FORMER Town striker Alan Gowling spent 12 years on football's quality street - and three at Leeds Road!
He strutted his stuff alongside legends like Denis Law, Bobby Charlton, George Best, Malcolm Macdonald and Examiner columnist Frank Worthington on the top stage.
Unfortunately, his time at Town, from 1972-75, took him to a level he never wanted to experience.
But he admits the club's descent - they had just been relegated from the old Division I when he arrived and had just dropped into the basement division when he left - was a key factor in his own development.
The former England Under 23 striker, who combined playing football with passing a business studies university degree while at Manchester United, arrived at Town in a club-record £80,000 transfer as the man to spearhead an immediate return to the top section after relegation.
Many said the deal was done two years too late, and had Leeds Road chief Ian Greaves been able to pair Gowling and Worthington - as he later did at Bolton - Town would have had a far better chance of staying up.
Instead, with Worthington and fellow top-line performers Trevor Cherry and goalkeeper David Lawson gone, Town went in the other direction, dropping straight into Division III, and two years later, into Division IV.
The fact that Gowling managed to notch 61 goals in 139 games while playing in such a struggling side is testament to his abilities, and he has no doubt over the value of his stay.
"I was a bit naive when I signed, I suppose," reflected the Stockport-born ex-England amateur international who also represented his country at schoolboy level and over his whole career, scored 139 times in 480 League appearances for five clubs.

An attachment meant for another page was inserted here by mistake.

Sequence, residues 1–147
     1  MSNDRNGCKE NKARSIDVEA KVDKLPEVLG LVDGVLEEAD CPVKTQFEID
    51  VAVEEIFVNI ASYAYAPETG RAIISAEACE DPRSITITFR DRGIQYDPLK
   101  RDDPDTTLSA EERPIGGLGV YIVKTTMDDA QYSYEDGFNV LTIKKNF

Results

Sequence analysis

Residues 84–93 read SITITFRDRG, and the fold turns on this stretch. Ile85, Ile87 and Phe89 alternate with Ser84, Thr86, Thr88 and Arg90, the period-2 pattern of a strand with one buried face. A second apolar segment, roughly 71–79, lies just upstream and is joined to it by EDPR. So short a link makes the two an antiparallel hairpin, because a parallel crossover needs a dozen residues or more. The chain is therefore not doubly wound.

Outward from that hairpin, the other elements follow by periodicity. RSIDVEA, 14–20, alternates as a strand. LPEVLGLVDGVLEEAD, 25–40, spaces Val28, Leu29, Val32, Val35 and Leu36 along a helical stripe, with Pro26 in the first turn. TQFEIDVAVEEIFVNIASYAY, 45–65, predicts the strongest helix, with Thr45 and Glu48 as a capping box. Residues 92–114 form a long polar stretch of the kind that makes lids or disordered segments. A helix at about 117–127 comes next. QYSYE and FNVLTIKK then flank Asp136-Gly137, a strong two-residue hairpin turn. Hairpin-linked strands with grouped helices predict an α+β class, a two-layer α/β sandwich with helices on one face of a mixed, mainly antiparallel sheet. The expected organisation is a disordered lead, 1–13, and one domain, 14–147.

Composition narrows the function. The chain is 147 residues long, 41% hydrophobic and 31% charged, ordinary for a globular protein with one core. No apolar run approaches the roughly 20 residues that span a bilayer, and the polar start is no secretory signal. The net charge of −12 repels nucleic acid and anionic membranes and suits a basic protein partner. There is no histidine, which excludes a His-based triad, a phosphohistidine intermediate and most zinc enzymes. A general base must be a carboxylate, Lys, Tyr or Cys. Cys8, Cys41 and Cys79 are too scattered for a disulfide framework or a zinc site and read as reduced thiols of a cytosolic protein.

"They had just been relegated from the First Division and I didn't really do my homework. It was a difficult time but, in a way, Huddersfield was my football apprenticeship.
"Because I was at university, I never went through the normal football apprenticeship at Old Trafford.
"The senior players were great with me but I probably lacked some of the confidence I would have developed if I had come through the ranks in the usual way.
"That was something I picked up at Huddersfield and by the time I moved to Newcastle I was confident in my own ability to produce the goods alongside a leading player like Malcolm Macdonald."
Gowling joined Newcastle in a £70,000 deal and played in Europe and reached the final of the League Cup with them before Greaves paid £120,000 to take him to Bolton in March 1978.
He helped Wanderers win promotion from Division II and again graced the top-flight stage alongside Worthington, for who provided the perfect foil, just as he had done for Macdonald at St James' Park.
"They were very different types of players," recalled Gowling, who had a spell as chairman of the Professional Footballers' Association.
"Malcolm was full of aggression, pace and power while Frank's game was all about subtlety and finesse.
"In terms of enjoyment, it's impossible to separate my time with Newcastle and Bolton.
"I loved my three seasons in the North-East - a great place to live and smashing people.
"But Wanderers have always been a wonderful football club with a real sense of community."
These days, Gowling, who ended his career with a spell at Preston, after which he concentrated on business interests, is back at Bolton, covering the club as a radio summariser.
"It's the perfect job. It isn't work, it's pleasure," enthused the 55-year-old.
"I'd still be going to matches if I wasn't doing the commentaries.
"The Premiership is exhilarating and exciting. It's the only place to be - and I say that without any disrespect to the Nationwide League.
"Looking at the things now, it's hard to believe that a few years ago the game was losing popularity and people were worried about the future."